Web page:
Voting: What’s in it for me? (A very short study guide for students)

10 Oct 2013

By Zoey Duncan |

There was a time when being a post-secondary student went hand-in-hand with rebelling against administration, government and hygiene. Where campus culture and politics were as closely entwined as exam time and caffeine. That time of hyper-engagement did not overlap with my years in university.

School-wide, apathy for the extracurricular on my campus was strong. And voter turnout at student elections was low. “If students are our future, we’d better invent Facebook voting for federal elections”-low.

We’re talking single-digit-low.

It didn’t seem to resonate that the students elected to represent us were responsible for a multimillion-dollar students association budget, that they were the voice of students when the provincial government proposed changes to education funding and that they were paid a better salary than most of us would make upon graduation.

And it wasn’t much easier to get students excited about a civic election either. So how do you convince a student, who like many people balance work and families along with school, to put another thing on their to-do list?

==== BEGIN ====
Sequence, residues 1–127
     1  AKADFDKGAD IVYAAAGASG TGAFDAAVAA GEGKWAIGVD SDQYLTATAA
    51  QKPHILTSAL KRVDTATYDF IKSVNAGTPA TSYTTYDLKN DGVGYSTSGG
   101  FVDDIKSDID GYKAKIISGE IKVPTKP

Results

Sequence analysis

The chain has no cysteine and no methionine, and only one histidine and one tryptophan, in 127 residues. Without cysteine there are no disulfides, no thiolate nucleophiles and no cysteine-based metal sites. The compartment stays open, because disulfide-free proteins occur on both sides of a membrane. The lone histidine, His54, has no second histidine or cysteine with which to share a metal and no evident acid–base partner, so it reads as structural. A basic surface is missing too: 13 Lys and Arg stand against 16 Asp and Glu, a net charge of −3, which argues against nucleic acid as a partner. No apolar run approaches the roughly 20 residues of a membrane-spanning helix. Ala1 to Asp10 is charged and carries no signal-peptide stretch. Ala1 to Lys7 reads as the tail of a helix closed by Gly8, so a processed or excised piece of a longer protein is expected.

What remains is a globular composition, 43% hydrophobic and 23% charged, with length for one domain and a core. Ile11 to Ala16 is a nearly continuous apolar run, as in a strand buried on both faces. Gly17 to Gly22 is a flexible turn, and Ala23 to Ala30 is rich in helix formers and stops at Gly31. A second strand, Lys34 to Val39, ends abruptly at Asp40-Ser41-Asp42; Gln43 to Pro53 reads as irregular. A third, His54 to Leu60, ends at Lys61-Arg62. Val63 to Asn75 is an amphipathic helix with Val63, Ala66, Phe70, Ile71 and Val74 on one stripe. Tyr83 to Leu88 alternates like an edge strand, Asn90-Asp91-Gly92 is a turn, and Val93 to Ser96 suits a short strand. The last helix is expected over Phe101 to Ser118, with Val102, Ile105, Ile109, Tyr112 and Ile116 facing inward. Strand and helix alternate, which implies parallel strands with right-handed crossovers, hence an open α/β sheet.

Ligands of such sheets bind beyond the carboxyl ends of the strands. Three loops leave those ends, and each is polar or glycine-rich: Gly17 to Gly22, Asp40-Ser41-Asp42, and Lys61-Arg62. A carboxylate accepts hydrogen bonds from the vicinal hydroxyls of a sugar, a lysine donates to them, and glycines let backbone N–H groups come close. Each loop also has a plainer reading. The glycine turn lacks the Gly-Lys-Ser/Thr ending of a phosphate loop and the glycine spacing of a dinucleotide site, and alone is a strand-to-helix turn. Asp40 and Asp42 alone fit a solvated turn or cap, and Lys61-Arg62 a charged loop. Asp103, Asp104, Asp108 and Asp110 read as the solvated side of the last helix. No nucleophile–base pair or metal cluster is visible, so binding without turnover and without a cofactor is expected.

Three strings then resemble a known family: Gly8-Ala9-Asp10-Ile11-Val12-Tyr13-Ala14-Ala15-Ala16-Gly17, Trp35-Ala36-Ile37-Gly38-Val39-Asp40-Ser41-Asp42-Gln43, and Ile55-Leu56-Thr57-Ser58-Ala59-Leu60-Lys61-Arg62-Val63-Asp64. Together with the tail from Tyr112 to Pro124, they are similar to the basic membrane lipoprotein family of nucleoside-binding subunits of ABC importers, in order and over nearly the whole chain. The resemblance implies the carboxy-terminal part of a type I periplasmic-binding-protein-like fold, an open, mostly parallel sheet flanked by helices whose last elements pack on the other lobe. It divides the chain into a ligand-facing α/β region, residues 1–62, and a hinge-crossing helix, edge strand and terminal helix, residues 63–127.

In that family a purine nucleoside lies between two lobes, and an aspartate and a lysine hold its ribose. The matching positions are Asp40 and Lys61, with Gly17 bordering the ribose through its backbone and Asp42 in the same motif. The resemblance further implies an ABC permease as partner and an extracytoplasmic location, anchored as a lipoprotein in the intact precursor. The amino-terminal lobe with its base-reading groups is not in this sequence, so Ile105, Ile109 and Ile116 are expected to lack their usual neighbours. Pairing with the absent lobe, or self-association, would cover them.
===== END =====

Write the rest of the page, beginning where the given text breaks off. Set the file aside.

Once we can answer a voter’s question of “what’s in it for me,” voting can seem a little less like a chore and more like an opportunity.

Here, with students in mind, are some social perks of educating yourself and voting in a municipal election:

  • A new dimension of conversations about transit! If your education is anything like mine, much of it was spent discussing transit access to school. Focus your pre-vote research on Calgary Transit funding and planning and not only will you be able to answer your own questions about why buses are sometimes too full to pick you up (especially when it’s -20 C), but you’ll be able to share it with newfound friends at the bus stop. And then start in on the at essay you’ve been procrastinating.

  • Communities making things happen! For some, campus life may be the first community they become part of as an adult and that’s a delightful gateway to getting passionate about issues or projects. It could start as something simple, like seeing an opportunity for a bike lane near campus, or adding your voice to a community association board. Search newspaper articles to see how other community groups have worked with the city to make their neighbourhood projects happen. Like in your education, you don’t have to wait for someone else to do it for you, you can make cool things happen yourself. Expect to make likeminded pals along the way.

  • Not to mention great new pick-up lines! When “What’s your major?” starts to feel stale, why not open a conversation with the studious cutie in Anthro with your newfound understanding of the ups and downs of Calgary’s rental market. Thanks to your research on city council’s secondary suite debates, and the pros and cons of building new communities you’re ready to woo (or at least educate—and that’s fun too, right?)!

And that’s just the beginning. Municipal politics sneaks up on your life in ways you might not have noticed. So why not make it work for you?


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